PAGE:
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A raference for the rest of us - Scott J.

Scott J. A raference for the rest of us - Wiley publishing , 2003. - 387 p.
ISBN: 0-7645-1698-1
Download (direct link): microsoftcrmford2003.pdf
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The Professional Version of Microsoft CRM manages the entire process of generating Quotations, Orders, and Invoices. The order and invoicing portions will be integrated with the several accounting systems supported by the Great Plains division of Microsoft, so you need not only the Professional Version of Microsoft CRM, but also the right accounting system.
Chapter 10 covers setting up your Product Catalog in detail. Setting up this catalog is an essential ingredient in developing Quotes. The Product Catalog contains your list of Products and their related prices and discount structures. Microsoft CRM’s Quotation system draws from these files to create pricing specific to each customer.
After you generate a Quote and give it to a customer, it (you hope) comes back as a signed Order. The second-best scenario is that the Quote comes back for revisions (hopefully, not too many times). Even after a Quote is converted to an Order, it can still be revised until it has been manually sent off to the accounting system.
After an Order goes to accounting, it becomes an Invoice. In a completely integrated system, your Invoice information is also transmitted back to Microsoft CRM Professional, so all authorized Users, and most important, the salesperson who was responsible for the deal, can see the accounting history.
In this chapter, I cover how to use Microsoft CRM to create a Quotation, turn it into an Order, and turn Orders into Invoices.
130 Part II: Managing Sales
Creating and Managing Quotes
Most Quotes go through more than one iteration. Figure 11-1 shows the typical lifecycle of a Quote.
Initially, you create a draft of your Quote. You can continue editing your draft Quote until it’s ready to be sent to the customer. Then, the Quote is activated and sent. It is now read-only. Multiple revisions of the activated Quote can be made, but each is stored as a separate Record for historical purposes. The Quote is either accepted if it’s won or closed if it’s lost. If it’s accepted, it is recorded as part of the Order history.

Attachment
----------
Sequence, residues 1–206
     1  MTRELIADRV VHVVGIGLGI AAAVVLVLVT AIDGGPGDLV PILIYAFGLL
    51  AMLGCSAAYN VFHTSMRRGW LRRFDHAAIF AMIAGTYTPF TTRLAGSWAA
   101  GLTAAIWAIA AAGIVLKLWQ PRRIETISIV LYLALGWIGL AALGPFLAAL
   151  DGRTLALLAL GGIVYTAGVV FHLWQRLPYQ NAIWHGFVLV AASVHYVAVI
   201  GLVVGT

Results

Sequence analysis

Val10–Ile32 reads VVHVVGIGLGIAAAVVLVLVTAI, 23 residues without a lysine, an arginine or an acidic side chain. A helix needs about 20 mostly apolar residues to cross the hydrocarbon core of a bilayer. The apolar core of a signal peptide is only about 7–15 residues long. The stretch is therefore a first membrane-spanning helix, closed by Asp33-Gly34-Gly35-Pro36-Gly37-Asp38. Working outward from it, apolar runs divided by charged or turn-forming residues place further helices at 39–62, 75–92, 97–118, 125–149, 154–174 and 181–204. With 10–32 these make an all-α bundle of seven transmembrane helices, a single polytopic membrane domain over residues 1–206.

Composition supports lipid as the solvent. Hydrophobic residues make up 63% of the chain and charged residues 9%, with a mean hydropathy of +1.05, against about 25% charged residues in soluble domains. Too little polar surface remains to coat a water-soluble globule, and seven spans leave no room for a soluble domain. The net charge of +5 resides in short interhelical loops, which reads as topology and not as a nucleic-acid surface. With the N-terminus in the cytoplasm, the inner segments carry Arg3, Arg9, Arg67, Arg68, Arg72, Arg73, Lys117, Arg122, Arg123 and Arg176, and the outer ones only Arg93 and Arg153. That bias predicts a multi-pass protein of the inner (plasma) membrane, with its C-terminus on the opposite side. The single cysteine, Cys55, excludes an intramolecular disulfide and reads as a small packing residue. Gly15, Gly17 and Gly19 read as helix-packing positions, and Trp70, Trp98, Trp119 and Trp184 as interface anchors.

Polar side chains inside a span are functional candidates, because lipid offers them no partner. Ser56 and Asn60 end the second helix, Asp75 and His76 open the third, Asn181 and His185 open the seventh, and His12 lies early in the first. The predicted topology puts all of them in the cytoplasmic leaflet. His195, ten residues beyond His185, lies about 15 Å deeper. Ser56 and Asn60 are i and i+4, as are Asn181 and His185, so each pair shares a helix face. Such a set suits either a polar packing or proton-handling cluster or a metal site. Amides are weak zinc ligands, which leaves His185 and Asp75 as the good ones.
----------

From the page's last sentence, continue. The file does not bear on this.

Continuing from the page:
Creating a new Quote
Quotes, Orders, and Invoices are all sub-areas of Sales. Most significant Sales are preceded by either a series of Quotes or Proposals. Proposals are Quotations on steroids, including a great deal more background, discussion, and analysis in addition to the more typical one- or two-page Quotation.
To create a new, customized Quote, follow these steps:
1. Go to the Sales area and select Quotes from the panel to the side of the main display.
A List View Grid appears, showing all your existing Quotes.
2. Click the New Quote button from the Actions Bar.
The Quote Record appears, as shown in Figure 11-2, with General, Shipping, Addresses, and Administration tabs.
Chapter 11: Generating Quotes, Orders and Invoices 131
Figure 11-2:
Developing a new Quote.
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The Quote ID, the first field of the Quotation Record, is a unique, systemgenerated number that can later help you identify this Quote. If you don’t write it down or remember it, you can also recall an existing Quote by referencing its name, which is the first field you can actually enter. The Revision ID, the second field of the Quotation Record, is also created and maintained by the system and enables you (and the system) to track all the various versions of Quotes that you have created and activated.
The Quote ID is not calculated or put into its field until you save your Quotation. Clicking the Save button, in the Actions Bar, after you enter the Name, Potential Customer, and Price List is a good idea. You do not need to Save and Close until you have filled in all the relevant fields in each of the four tab areas. If you are entering a new Quote, the system sets the Revision ID to 0.
1. Select Quotes from the panel to the side of the main display in the Sales Area.
In the General tab for all Quotations are several system-required fields. The first is the name that you must fill in. Ultimately, this name field shows up on the List View Grid, so it is useful to create a short, meaningful, and unique name for your Quote.
2. Select a Potential Customer (an Account or a Contact) to associate with the Quote.
The magnifying glass just to the right of the Potential Customer field brings you to the Look Up Records dialog box for Accounts and Contacts. Select either Account or Contact Records in the Type field.
132 Part II: Managing Sales
3. In the Find field of the Look Up Records dialog box, type some letters of the name of the customer and then click Go.
A list of available Records appears.
4. Select the appropriate customer from the list that appears and click OK. The system returns you to the Quotation you are working on.
5. Select the Price List you want and then click OK.
The Price List field makes use of the same magnifying glass/find function as does the Potential Customer field.
6. In the Totals section of the General tab, enter the Quote Discounts and Freight Amount.
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